What happens if you take estrogen while breastfeeding?

Vaginal administration produces unpredictable peak times for estradiol in breast milk, so it is likely that the timing of the dose with respect to breastfeeding is not. Current evidence seems to indicate that combined oral contraceptives are unlikely to substantially affect the composition of milk in healthy, well-nourished mothers and do not adversely affect infant growth and development in the long term. Combined oral contraceptives may negatively affect growth transiently during the first month after their introduction. The magnitude of the effect on lactation is likely to depend on the dose and the time of introduction after delivery.

A treatment plan has been reported for mothers with hypergalactia in which low-dose combined oral contraceptives are used to reduce milk production. Ethinylestradiol in doses greater than 30 mcg per day may suppress lactation and cause more supplements to be administered and, possibly, breastfeeding to be stopped sooner than with non-hormonal or progestin-only contraceptives. In addition, administering estrogen before 3 weeks after delivery may increase the risk of thromboembolism in women who are giving birth. Rare cases of reversible breast enlargement have been reported in infants, mostly with doses of estrogen higher than those currently used.

Estrogen may mean that you produce less milk. So when you tell your doctor that you're breastfeeding, they'll likely recommend the minipill. It shouldn't affect your milk supply at all. During breastfeeding, estrogen levels in the body decrease and prolactin, the main hormone responsible for the production of breast milk, increases.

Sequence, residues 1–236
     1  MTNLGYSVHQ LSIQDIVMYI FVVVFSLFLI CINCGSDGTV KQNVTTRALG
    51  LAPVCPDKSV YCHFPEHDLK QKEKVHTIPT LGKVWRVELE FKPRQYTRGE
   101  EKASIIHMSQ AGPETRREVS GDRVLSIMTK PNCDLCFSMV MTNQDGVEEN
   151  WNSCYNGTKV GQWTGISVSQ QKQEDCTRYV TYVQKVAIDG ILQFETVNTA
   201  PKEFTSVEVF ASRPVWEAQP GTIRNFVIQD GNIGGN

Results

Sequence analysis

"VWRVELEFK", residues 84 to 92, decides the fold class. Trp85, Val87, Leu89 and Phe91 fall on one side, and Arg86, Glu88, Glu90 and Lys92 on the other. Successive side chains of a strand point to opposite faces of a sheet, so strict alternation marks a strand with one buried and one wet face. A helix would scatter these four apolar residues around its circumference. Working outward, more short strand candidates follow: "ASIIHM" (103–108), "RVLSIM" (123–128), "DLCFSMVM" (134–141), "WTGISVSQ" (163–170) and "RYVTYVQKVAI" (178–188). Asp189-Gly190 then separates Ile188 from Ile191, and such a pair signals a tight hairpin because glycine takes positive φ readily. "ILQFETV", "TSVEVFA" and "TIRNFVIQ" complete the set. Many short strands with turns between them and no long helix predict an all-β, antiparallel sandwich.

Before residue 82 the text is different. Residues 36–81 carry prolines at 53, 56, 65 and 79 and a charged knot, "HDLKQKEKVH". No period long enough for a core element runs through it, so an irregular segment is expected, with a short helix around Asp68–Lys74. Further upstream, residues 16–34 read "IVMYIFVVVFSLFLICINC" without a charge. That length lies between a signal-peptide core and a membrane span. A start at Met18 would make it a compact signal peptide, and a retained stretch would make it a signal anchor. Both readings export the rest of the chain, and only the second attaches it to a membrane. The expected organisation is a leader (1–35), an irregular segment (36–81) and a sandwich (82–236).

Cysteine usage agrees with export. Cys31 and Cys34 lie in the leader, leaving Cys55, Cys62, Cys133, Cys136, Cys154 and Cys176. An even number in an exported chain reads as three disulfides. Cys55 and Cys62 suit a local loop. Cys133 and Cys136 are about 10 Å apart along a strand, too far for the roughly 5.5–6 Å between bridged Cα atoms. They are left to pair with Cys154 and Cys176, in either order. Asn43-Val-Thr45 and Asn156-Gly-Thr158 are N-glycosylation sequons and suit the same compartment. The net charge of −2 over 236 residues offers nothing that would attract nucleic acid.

A topic that is often little discussed is how breastfeeding or pumping affect pelvic health and how estrogen influences it. Contraceptives containing estrogen are only recommended to be used with caution, especially in those mothers who have had problems with their milk production. The accumulated milk was bioanalyzed to determine its estrogenic activity and was compared with the milk of nursing mothers who did not take exogenous estrogens and whose milk was collected several times after delivery. A retrospective cohort study compared 371 women who received high doses of estrogen (3 mg of diethylstilbestrol or 150 mcg of ethinylestradiol per day) during adolescence to reduce their adult height with 409 women who did not receive estrogen.

You may notice a decrease in your milk supply after you start taking hormonal birth control pills (especially those that contain estrogen). Contraceptives containing estrogen have been linked to reduced milk production and premature cessation of breastfeeding, even when breastfeeding begins after milk production is well established and the baby is older. Estrogen can reduce milk production, especially if started before milk production is well established, about 6 weeks later of childbirth.